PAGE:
First up, the reality shows. You can never have enough of these, as a brief flick through the Radio Times will hammer home to you:

Touch The Coma Girl, a spectacular live 24-hour event in which members of the public, desperate for much-needed organ transplants, must remain in constant physical contact with a brain-dead road accident victim in otherwise excellent health.

A Mummy For Matthew, in which a young boy with severe behavioural problems is placed with a different foster family every week. In the first episode, Matthew meets recovering heroin addict Janette and her on-again/off-again boyfriend Garry. Will Matthew form that crucial bond with his ‘mummy of the week’ or will the presence of Garry’s boisterous Staffordshire terrier Moatie trigger one of his seizures? Next week, Matthew is introduced to needy fund manager Lorraine and her adopted son Ishmael, a former Rwandan boy soldier.

Inmate, Outmate, in which members of the public voluntarily trade places with patients from Broadmoor high-security psychiatric hospital, to see who copes better. In week one, accounts adviser and father of three Chris submits to a programme of electro-convulsive therapy and pig tranquillisers, whilst delusional sociopath Ewan takes Chris’ family to the local garden centre, with unpredictable results…

Fame Battalion, in which a selection of former soap stars, barely literate sportsmen, disgraced politicians and reality whores are taken through the gruelling process of basic training by the Royal Anglian Regiment, before shipping out for a tour of duty in Afghanistan. In week three, the stars are tasked with policing a known hotbed of insurgents some 20 miles from the nearest support, if they are to earn enough stars for a fresh supply of ammunition and clean water. Watch out for Coleen Rooney’s hilarious attempts to conduct a perilous house-to-house search with only a dysentery-stricken Joe Pasquale for back-up.

Dancing With Tears In Their Eyes, in which a group of people with terminal illnesses compete in the intense world of ballroom dancing. Each week, we follow them through the highs and lows of learning new steps, bonding with their professional partners, undergoing chemo and periodically expiring in mid-tango. As a panel of bitter old choreographers, rampant egomaniacs, preposterous euro-twats and Dr Hilary Jones pronounce judgement on the performances of the increasingly gaunt and hollow-eyed contestants, we give you the audience the opportunity to vote which will receive a much needed ‘stay of execution’ in a hospice to rebalance their meds, and which will be forced to literally ‘dance till they drop’.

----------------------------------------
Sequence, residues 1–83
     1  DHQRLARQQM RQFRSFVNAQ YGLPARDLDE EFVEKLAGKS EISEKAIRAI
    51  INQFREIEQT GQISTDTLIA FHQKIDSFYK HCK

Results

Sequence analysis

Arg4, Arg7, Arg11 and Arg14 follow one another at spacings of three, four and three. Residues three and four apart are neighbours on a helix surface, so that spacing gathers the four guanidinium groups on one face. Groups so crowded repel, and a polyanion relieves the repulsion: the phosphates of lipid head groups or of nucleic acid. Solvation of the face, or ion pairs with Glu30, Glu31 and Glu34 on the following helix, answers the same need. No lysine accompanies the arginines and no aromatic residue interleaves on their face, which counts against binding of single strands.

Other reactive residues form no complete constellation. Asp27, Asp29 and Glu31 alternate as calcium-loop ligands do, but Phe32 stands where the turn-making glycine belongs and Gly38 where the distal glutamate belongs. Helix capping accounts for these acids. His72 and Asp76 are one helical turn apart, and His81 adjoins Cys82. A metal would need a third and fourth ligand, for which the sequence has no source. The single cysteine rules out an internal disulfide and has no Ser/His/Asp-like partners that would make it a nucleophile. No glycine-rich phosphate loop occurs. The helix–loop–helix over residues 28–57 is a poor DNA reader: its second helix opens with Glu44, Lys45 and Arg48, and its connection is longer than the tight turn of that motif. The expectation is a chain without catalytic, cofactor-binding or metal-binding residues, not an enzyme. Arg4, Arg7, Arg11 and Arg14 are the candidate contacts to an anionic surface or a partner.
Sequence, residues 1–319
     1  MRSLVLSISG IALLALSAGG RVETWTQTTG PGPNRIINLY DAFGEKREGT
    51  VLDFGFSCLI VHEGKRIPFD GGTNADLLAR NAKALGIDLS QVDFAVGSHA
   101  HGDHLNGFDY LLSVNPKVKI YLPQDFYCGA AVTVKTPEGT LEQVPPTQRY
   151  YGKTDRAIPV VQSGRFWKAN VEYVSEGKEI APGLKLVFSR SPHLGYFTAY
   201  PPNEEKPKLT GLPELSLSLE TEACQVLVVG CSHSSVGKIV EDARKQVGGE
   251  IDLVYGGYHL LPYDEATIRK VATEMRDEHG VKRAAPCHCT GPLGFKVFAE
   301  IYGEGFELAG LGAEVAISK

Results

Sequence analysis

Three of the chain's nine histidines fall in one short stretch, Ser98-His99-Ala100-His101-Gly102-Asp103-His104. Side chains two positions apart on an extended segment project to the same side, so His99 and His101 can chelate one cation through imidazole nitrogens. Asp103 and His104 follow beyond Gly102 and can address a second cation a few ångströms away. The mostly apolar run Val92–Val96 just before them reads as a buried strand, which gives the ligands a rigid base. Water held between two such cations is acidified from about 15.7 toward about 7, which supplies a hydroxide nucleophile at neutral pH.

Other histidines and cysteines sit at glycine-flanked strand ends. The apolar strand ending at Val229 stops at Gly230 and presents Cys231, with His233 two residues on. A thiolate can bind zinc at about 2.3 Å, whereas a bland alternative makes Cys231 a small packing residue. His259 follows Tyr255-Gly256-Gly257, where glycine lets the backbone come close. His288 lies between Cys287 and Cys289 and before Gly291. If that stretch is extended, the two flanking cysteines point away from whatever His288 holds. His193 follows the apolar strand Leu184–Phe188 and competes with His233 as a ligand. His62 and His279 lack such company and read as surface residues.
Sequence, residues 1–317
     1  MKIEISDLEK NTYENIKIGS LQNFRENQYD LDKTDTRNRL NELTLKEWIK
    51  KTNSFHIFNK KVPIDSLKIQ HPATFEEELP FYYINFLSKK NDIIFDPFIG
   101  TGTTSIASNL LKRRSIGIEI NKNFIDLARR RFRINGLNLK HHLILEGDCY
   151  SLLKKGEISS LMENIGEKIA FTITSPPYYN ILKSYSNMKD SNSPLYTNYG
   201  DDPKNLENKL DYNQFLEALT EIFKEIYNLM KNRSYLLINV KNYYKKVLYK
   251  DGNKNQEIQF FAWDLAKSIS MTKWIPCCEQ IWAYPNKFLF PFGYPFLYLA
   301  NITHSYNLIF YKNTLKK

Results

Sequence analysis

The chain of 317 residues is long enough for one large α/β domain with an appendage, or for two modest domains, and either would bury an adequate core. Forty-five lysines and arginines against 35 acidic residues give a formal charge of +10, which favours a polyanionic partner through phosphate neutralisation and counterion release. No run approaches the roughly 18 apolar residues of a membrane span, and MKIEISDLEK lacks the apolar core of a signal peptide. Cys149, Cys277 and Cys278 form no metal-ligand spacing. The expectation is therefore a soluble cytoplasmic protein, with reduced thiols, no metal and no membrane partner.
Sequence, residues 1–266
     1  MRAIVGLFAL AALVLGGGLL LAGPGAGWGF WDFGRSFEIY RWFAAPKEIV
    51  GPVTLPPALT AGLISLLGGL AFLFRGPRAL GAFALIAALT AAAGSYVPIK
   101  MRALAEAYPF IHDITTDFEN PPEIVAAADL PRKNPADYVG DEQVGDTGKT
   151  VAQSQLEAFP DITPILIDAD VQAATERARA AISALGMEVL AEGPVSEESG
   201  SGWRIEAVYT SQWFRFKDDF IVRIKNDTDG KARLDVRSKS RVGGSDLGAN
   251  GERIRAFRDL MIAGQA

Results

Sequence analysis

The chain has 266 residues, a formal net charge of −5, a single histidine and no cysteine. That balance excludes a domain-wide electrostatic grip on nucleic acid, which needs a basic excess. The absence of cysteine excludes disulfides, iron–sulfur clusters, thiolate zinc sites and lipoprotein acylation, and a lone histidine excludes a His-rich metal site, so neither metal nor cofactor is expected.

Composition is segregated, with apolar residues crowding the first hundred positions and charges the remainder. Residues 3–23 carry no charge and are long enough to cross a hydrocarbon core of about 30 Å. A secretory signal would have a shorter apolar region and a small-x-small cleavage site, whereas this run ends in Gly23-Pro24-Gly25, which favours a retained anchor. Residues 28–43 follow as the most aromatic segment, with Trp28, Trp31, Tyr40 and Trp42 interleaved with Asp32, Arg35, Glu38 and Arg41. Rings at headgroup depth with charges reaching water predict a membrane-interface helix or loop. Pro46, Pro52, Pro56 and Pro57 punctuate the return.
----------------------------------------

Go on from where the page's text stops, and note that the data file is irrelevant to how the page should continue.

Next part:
The Madrassa, in which a selection of disaffected youths, credulous buffoons and religious nutbags attend a hardline Islamic education camp somewhere in western Pakistan. In week two, former wiccan Becky is beaten for not lowering her eyes before the men, and Kieran, now Jabalah, studies the processional route of the forthcoming Royal Wedding.

Next, some new additions to the already saturated quiz-show market…

The Vanilla Quiz – 30 minutes of questions fired directly at the viewer, delivered by an unseen voiceover. No rounds, no bonuses, no contestants, no prizes. The only concession to tension is a heartbeat-style sound effect, played in the background, which gradually increases in tempo and speed as the end of the quiz approaches. Viewers like me, irritated by the ‘thinking aloud’ padding of Eggheads or the embarrassing ‘getting to know you’ bits in Mastermind, will welcome the introduction of 100% uncut quizzage.

The Slightly Different Quiz – basically the same as Fifteen To One or The Weakest Link, but whenever someone gets a question wrong, the contestant to the left must slap them full in the face. In the final head-to-head round, the quizmaster, armed with a dead halibut, stands directly in front of the two finalists, delivering a teeth-loosening two-hander for every wrong answer. The winner gets to take the fish home. A TV must for clever clogs, sadists and anglers everywhere.

Just to switch over to the wireless for a moment, here’s my idea for a disappointing 6:30pm Radio 4 situation comedy series. It’s called It Takes Two To Quango. It probably revolves around the chalk-and-cheese relationship between two dull and unoriginal sub-Yes Minister characters. It will feature otherwise reputable actors unwisely choosing to perform the sort of light comedy that should have been compassionately euthanized in the 80’s.

And finally, inspired by our recent New Year’s hols in the West Country, here is my latest drama submission for your approval: Jessie Wallace plays a single mum struggling to survive as Devon’s least likely call-girl. It’s called Westward Ho’. I think it will do well in the prestigious Doc Martin slot.

Happy viewing.